Want to explore how your local public school system or school performed on the statewide benchmark test, the ACT Aspire?
Using Aspire results, PARCA works with local school systems to analyze performance, building comparisons with similar systems and with the state as a whole. In grades 3-8, students are tested in reading, math, and science. In 10th grade, the tested subjects are English, math, and science. Our key metric is the percentage of students tested who score proficient on a particular test. By scoring at or above proficient, a student is considered to be “on track” for his or her grade level. Students who stay on track should be able to succeed on the college readiness test, the ACT. A student meeting or exceeding the benchmark on the ACT is judged to be ready for success in college.
While systems are often judged on the test results generated by “all students” taking the test, it is important to look deeper at comparisons of how the various subgroups of students perform. Students from low-income backgrounds, as a group, don’t perform as well on these types of tests as students from more higher-income backgrounds. Thus, a school system’s performance should be judged in context. Are nonpoverty students in a school performing as well as nonpoverty students elsewhere? How do the results for poverty students compare to results generated by other systems?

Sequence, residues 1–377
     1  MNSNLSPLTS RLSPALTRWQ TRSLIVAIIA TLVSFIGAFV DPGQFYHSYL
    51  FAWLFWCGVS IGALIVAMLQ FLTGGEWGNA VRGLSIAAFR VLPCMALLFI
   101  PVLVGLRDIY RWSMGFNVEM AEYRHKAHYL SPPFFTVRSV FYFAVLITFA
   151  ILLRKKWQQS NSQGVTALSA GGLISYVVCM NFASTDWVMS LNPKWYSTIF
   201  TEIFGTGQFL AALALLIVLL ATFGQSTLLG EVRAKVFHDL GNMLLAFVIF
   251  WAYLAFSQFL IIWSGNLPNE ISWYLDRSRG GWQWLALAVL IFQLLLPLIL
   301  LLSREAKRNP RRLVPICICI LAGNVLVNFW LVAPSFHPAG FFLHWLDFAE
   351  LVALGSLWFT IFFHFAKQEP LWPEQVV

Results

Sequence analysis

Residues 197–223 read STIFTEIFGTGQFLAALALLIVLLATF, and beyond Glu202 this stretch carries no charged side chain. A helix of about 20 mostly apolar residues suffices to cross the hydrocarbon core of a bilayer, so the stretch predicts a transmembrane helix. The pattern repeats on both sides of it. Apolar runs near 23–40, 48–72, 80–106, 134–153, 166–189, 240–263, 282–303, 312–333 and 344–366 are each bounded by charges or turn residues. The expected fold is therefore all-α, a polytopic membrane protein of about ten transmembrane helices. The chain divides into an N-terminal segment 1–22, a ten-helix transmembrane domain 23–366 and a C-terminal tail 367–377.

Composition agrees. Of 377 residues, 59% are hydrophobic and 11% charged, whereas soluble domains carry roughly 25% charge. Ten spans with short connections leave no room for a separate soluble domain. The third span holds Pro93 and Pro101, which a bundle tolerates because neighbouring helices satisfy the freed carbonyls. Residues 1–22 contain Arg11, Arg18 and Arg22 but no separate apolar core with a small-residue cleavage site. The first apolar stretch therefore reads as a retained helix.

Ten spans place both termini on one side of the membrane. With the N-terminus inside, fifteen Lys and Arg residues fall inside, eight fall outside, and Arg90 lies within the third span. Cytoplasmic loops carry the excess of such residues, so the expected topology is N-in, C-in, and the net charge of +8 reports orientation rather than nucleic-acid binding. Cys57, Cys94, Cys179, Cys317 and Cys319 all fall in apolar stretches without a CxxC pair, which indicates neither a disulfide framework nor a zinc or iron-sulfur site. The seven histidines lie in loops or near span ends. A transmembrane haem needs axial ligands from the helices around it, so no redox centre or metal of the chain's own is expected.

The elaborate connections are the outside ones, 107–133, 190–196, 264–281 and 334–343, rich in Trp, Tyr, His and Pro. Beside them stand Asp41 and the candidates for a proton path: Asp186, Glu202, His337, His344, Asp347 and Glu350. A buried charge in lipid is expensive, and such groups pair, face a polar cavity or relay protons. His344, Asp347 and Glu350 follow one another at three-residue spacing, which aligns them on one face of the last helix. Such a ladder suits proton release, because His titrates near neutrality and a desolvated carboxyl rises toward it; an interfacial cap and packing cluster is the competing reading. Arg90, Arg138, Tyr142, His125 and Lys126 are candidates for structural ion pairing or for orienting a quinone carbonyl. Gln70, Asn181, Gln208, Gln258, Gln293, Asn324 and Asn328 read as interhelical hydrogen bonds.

New for 2015 is the ability to compare a school or system’s performance with its results from 2014. Did a school or system improve performance from one year to the next?
The interactive charts below allow you to build your own comparisons between peer schools and systems. Are students in your school succeeding at the same rate as those in the comparison schools? Tabs at the top of the chart allow you to look at the data in various ways.
If you dive deep in the data, you may notice that there are some schools and systems that don’t display results on some measures. There are a couple of reasons for this. In some circumstances, the tested population for that measure is very small. In that case, the State Department of Education doesn’t release results in order to protect student privacy. A second reason data might not be available has to do with the way schools and systems identify poverty students. Traditionally, students who were eligible to receive free or reduced-price lunches under the National School Lunch program were identified as students in poverty. In recent years, schools and systems with higher concentrations of poverty have had the option of providing free lunches to all students. In those schools and systems, all students are identified as poverty students. This leaves us unable to compare the performance of poverty and nonpoverty students in those schools.